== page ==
Members – 6600 producers organized in 90 cooperatives
Location – Piura, Peru
Established – 1995
Coffee varieties – Caturra, tipica
Diversification – sugar cane, cacao, fruit trees, ecotourism, jam
Sol y Café (known before as CEPICAFE), La Central Piurana de Cafetaleros, is a secondary level non profit organization that organizes coffee, sugar, fruit, and cacao producers in the northern region of Peru. Total of 7000 producers are organized in nearly 400 organizations, and Sol y Café offers a variety of services and support to the farmers organized within the region, 19% of which are women. Aside from organizing base level cooperatives,Sol y Café also offers workshops and training for its members on such topics as productive technology, responsible use of natural resources, organization, and business management.
Sol y Café first became organized in 1995 with 400 producers and received their FLO certification in 1997 to address a number of issues such as low quality of coffee, limited access to markets, predatory intermediaries, the weakening of cooperatives, and possibilities that existed within niche markets. Now, as the 19th largest exporter in Peru, Sol y Café sells nearly $10 million worth of coffee per year to a number of different exporters both in Europe as well as the United States.
Not singly focused on coffee, Sol y Café has worked to continue to support its members in their efforts to diversify their products in order to bring a higher quality product to the market alongside improved incomes. Based on their development and continued success, Sol y Café has proven to be a leader in the northern region of Peru as a result of their innovation in processing and adding value to a variety of products including coffee, cacao, fruits, and sugar cane. Furthermore, efforts to develop a brand (Norandino) for all of the products produced by its members are underway as a means of promoting the work of small farmers throughout Peru. Aside from diversifying in the variety of agricultural products, Sol y Café has also developed an alternative tourism project to promote the experience of small farmers in northern Peru as well as a carbon capturing program in many of the organized communities.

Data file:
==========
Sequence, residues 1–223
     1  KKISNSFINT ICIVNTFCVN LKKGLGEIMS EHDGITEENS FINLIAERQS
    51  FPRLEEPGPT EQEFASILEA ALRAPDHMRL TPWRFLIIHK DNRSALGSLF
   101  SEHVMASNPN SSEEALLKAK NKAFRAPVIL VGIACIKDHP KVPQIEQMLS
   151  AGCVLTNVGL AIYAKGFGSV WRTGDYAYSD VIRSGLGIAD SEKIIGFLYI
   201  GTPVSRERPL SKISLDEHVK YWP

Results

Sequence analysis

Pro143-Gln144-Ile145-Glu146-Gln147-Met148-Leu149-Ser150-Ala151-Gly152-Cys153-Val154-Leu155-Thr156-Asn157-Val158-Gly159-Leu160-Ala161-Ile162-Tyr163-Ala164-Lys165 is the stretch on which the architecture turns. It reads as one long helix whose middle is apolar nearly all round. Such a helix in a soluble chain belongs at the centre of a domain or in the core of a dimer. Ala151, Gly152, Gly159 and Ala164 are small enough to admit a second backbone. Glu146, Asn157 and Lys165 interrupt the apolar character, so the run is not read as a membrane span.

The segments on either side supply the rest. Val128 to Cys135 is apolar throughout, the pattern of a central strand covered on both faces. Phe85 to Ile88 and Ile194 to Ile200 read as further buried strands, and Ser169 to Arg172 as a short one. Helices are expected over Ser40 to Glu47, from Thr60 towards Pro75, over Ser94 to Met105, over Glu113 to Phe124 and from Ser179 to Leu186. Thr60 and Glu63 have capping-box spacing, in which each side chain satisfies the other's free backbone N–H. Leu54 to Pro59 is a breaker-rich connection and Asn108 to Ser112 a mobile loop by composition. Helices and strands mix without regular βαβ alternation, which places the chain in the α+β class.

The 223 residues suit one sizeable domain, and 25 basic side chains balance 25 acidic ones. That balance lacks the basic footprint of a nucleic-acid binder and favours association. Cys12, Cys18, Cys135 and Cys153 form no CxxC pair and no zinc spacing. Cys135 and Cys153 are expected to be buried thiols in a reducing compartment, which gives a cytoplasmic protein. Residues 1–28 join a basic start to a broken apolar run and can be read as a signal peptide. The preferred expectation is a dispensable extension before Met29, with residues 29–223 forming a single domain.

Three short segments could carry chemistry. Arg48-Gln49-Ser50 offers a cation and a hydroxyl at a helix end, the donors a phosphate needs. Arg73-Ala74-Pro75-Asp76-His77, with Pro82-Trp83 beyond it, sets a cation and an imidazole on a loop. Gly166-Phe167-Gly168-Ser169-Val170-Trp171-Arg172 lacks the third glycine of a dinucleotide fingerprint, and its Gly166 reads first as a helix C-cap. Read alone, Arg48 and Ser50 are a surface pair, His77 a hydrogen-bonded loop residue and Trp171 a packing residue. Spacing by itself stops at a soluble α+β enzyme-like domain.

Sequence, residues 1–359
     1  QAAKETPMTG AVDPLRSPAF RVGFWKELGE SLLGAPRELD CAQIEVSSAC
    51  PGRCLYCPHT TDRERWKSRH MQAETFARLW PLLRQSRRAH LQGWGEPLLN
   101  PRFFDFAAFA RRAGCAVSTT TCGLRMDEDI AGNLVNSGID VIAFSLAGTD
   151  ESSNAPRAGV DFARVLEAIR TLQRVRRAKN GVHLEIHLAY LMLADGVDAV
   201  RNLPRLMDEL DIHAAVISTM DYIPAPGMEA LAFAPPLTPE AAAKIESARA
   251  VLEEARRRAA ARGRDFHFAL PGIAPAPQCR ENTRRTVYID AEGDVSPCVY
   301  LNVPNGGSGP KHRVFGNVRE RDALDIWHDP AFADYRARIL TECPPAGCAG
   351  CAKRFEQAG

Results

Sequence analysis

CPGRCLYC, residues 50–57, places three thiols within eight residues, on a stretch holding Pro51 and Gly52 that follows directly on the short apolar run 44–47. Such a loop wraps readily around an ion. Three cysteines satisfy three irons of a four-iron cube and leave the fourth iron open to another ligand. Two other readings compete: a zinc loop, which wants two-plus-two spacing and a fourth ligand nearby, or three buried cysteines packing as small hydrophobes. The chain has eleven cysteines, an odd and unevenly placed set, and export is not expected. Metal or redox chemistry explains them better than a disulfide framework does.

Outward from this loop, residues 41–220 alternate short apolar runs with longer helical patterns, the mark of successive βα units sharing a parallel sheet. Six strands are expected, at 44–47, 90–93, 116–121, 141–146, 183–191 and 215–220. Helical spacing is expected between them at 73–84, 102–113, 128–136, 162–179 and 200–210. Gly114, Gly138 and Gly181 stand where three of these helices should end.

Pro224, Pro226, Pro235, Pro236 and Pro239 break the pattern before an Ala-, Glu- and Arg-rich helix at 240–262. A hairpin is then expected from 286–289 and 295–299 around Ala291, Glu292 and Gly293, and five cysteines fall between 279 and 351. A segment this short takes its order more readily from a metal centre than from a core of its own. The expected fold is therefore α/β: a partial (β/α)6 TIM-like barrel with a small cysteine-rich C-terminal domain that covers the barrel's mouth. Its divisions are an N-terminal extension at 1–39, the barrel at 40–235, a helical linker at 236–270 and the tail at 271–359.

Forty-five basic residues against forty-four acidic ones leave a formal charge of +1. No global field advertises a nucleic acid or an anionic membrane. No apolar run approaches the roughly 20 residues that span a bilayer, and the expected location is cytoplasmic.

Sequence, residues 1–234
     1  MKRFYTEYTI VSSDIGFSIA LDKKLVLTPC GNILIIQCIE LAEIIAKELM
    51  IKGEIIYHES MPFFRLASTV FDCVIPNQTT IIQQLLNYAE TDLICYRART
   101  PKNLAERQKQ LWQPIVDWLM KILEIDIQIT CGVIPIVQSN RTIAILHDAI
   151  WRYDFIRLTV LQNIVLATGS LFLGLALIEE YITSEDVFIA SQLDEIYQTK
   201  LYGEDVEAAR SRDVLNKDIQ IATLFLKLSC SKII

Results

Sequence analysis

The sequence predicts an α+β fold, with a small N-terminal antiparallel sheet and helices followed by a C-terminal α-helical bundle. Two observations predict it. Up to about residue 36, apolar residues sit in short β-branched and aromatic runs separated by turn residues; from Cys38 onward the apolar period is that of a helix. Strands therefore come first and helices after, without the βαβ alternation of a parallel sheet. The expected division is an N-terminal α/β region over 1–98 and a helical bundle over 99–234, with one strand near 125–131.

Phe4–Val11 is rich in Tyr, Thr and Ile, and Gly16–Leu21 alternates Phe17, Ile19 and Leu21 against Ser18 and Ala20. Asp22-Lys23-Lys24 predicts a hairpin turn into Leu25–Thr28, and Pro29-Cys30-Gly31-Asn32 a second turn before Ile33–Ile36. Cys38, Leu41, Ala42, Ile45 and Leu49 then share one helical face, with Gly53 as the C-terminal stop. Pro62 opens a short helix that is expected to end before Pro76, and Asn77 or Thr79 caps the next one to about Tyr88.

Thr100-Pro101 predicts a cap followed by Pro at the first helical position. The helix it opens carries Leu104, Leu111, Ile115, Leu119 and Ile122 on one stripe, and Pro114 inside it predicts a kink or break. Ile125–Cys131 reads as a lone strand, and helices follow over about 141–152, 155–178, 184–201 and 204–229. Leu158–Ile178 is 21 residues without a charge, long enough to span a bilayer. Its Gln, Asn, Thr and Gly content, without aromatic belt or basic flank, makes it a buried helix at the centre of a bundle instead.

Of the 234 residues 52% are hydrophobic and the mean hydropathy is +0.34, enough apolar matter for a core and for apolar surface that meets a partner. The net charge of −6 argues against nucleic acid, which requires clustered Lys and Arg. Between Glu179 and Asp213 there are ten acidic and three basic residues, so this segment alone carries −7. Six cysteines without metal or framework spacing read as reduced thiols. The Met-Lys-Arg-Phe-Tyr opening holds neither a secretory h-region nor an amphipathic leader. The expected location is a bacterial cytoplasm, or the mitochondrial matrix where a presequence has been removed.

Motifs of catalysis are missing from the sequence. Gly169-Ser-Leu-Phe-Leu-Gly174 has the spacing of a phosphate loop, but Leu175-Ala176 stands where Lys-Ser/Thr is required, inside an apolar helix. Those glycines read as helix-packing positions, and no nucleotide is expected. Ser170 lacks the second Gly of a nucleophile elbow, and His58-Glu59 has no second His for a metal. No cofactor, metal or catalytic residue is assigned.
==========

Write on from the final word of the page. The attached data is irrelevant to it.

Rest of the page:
Through the consolidation of producer organizations under the Sol y Café umbrella, producers are now active and respected agents for sustainable development in their region. They have worked collectively to improve quality and overall production under certified organic practices, and they have increased their exports from 550 quintales in 1997 to 39,373 quintales into a range of specialty markets over the past 10 years. Farmers also enjoy access to financing and to development projects.